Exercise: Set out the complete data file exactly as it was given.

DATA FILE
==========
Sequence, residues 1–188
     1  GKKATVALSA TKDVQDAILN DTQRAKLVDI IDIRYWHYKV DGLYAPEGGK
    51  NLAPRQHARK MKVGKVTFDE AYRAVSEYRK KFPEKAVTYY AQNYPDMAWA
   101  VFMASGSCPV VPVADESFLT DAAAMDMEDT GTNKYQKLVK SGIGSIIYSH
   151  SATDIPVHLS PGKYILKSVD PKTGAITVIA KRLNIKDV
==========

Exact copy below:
Sequence, residues 1–188
     1  GKKATVALSA TKDVQDAILN DTQRAKLVDI IDIRYWHYKV DGLYAPEGGK
    51  NLAPRQHARK MKVGKVTFDE AYRAVSEYRK KFPEKAVTYY AQNYPDMAWA
   101  VFMASGSCPV VPVADESFLT DAAAMDMEDT GTNKYQKLVK SGIGSIIYSH
   151  SATDIPVHLS PGKYILKSVD PKTGAITVIA KRLNIKDV